Save Locket’s Meadow Animal Rescue
Just a little something about Petunia Buttercup, our sweet little girl. There are those who don’t believe she is a kitchen pig, but really, she has always been more of a house pig. The other pigs eventually opted to sleep outside, but not Tuney . . . she loves heat and air conditioning. We would be heartbroken if she changed her mind!
Fifteen years ago, Kathleen Schurman and her husband, David, purchased 15 acres in Bethany, CT, and began to rescue animals from slaughter, neglect and abuse situations. Over the years they have saved hundreds of horses, dozens of sheep, goats, hens, roosters (many from the cock fights,) dogs, cats, veal calves and more. Long before the world went wild over Ester the Wonder Pig, Locket’s Meadow farm had Ozzie Osboar, who weighed about 400 pounds and followed Kathleen everywhere. Pig Petunia Buttercup, at 550 pounds, still sleeps in the kitchen every night. While other rescues fundraise and solicit donations, Kathleen and David opted to fund the work themselves, putting every penny they earned into the animals and the farm. At any given time, they have between 130 and 150 rescues on the property, most of them special needs, and the cost of hay and feed alone is $10,000 a month. Vet bills, farriers and other necessities add up to nearly another $10,000, and that doesn’t include the mortgages.
Ozzie Osboar as a 48-hour old runt – he and Kathleen were inseperable.
Those animals that can work are trained to do very important jobs. The farm offers riding for special needs individuals at a nominal price, and many autistic and Downs syndrome adults have learned to ride independently on incredibly gentle horses, all of which came to the farm as throwaway or slaughter animals. Kathleen has offered programs for adolescent girls who suffered from bullying (at no cost to those who couldn’t afford it, which is most of the participants.) Working with Kathleen’s very special horse, Captain, the girls learned how to stand up for themselves and regain their confidence and self-esteem.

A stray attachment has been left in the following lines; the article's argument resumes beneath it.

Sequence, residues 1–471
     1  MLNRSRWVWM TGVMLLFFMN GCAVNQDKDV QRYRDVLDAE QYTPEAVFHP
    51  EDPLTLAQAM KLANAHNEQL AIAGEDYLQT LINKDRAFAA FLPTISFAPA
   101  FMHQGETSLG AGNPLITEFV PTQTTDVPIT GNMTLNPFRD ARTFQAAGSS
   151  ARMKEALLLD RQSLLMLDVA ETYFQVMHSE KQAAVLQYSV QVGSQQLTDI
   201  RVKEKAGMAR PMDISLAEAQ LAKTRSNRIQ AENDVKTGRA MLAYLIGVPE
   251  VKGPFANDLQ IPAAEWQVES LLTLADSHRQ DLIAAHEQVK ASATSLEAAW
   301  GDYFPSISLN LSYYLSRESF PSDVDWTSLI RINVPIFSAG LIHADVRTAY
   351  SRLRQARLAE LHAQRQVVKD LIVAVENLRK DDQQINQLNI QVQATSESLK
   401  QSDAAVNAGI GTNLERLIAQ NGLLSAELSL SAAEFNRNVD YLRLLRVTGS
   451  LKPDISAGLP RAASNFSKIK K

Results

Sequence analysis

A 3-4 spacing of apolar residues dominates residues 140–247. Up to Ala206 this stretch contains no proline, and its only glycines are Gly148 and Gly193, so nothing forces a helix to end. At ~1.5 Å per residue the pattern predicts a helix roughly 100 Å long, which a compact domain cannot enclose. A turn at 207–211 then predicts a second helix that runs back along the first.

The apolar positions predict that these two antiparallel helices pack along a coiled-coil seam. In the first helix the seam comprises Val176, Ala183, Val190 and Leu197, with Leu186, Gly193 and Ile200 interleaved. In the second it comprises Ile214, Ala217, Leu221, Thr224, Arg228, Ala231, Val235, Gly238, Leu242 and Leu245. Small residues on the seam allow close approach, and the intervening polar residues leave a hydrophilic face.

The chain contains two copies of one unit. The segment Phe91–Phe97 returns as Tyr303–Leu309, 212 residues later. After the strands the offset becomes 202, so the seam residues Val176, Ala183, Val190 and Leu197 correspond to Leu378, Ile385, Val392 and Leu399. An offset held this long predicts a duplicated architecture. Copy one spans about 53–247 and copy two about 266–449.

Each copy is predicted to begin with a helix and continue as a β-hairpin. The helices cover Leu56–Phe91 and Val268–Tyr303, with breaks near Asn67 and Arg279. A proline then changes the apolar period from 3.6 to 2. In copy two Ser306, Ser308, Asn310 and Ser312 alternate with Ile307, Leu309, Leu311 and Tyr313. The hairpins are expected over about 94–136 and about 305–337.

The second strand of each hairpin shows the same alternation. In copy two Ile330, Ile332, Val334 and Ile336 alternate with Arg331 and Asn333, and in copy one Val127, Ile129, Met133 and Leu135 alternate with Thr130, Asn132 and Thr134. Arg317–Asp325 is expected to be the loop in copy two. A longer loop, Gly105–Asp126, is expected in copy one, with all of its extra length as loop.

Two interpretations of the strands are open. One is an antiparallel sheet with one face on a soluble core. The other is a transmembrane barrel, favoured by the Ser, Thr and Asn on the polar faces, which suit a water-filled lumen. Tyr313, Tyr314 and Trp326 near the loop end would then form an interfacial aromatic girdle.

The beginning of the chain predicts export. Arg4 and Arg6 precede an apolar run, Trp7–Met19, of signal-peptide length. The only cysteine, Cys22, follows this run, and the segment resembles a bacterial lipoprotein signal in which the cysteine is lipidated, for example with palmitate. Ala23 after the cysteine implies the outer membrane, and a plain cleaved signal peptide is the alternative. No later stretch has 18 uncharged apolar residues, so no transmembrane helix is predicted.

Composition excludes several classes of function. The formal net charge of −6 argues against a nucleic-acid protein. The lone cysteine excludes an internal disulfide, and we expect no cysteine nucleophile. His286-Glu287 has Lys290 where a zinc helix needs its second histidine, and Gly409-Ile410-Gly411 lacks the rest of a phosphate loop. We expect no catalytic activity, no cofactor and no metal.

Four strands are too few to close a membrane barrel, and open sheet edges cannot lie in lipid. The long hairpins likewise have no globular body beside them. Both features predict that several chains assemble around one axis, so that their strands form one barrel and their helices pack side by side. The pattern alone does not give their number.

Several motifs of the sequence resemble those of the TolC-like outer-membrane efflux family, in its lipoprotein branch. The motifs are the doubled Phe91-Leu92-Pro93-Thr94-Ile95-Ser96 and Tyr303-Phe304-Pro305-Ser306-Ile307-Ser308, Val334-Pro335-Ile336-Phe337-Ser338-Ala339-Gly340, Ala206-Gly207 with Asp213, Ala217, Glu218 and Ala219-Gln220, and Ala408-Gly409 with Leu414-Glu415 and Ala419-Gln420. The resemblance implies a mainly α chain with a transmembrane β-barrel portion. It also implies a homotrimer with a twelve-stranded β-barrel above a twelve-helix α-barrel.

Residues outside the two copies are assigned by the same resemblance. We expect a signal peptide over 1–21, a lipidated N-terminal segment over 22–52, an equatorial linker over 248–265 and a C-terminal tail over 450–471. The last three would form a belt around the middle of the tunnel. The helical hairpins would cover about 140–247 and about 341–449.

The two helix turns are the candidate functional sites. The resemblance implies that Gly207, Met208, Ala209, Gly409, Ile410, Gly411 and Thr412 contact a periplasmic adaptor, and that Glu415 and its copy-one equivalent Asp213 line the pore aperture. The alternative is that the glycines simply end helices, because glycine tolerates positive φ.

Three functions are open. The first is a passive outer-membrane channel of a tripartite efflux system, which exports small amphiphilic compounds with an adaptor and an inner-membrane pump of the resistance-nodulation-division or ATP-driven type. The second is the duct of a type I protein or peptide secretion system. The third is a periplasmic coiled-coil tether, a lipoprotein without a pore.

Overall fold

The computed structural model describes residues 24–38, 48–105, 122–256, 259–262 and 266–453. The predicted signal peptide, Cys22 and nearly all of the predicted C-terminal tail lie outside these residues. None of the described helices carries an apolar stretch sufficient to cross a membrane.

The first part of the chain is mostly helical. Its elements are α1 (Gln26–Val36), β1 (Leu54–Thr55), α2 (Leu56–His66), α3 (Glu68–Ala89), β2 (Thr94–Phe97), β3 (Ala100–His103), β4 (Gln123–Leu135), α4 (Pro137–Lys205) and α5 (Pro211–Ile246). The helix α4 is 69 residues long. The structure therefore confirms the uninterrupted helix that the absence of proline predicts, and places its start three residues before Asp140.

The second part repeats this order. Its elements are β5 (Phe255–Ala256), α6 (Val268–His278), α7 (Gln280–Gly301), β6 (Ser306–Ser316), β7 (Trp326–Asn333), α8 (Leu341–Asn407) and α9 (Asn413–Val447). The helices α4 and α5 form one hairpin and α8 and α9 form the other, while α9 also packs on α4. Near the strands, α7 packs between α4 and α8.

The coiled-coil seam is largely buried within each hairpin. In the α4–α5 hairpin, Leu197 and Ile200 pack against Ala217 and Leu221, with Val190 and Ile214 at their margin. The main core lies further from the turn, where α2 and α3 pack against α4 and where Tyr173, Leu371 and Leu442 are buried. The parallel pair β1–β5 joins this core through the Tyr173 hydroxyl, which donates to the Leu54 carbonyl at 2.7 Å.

Over the years, dozens of groups of special needs children have visited the farm and taken pony rides on the enormous Ernie, a Shire who was one of the first horses saved from the horsemeat industry as a 9-month old colt in 2002 . These animals that were rescued from the worst situations now give back to whomever needs them, with patience and love.
Early this year, David lost his source of income and the farm has been struggling to survive on what Kathleen earns as a writer and animal communicator, along with an occasional small donation. While the animals have been fed and taken care of, the couple is months behind on the mortgages and is in danger of losing the farm. Some of the horses are adoptable, but most of them are retired and remain on Locket’s Meadow due to their very specific and special needs. There is little hope of safely placing the other farm animals.
Above, Lavender and Imogene arrive home. The mother and daughter were rescued last August from a slaughter auction in PA where they both were infected with pneumonia. The vets at the clinic gave them a slim chance of recovery, but $5,000 worth of treatment later, they both survived, and it turns out Lavender was already pregnant again. We await baby number 2 . . .
Even if David finds employment soon (fingers crossed!) to catch up financially is a long shot, and at this point, they realize they can’t continue to “give away the farm” while covering all the expenses themselves. It’s time to ask for help so the work of integrating rescued animals with humans in need of rescue can continue indefinitely.
While the vegan movement is gaining steam and many are jumping on the bandwagon, Kathleen and David have been doing the work for far longer than they have had Locket’s Meadow. Their work in rescue, rehab and animal welfare goes back many decades (Katheen stopped eating animal products nearly 33 years ago when she began rescuing on a small scale.) The couple hopes to continue their work with compromised animals and humans in need of emotional support long into the future.
In order to meet the animals’ needs over the next year we need to raise $200,000, but if we can raise $750,000 to own the property outright we can better guarantee decades of service to the animals and people in need of our facility, and hopefully set things up so it can continue long after we are gone. Please give as generously as you can, and share this so that others may help, as well.
We thank you, and the animal residents of Locket’s Meadow thank you.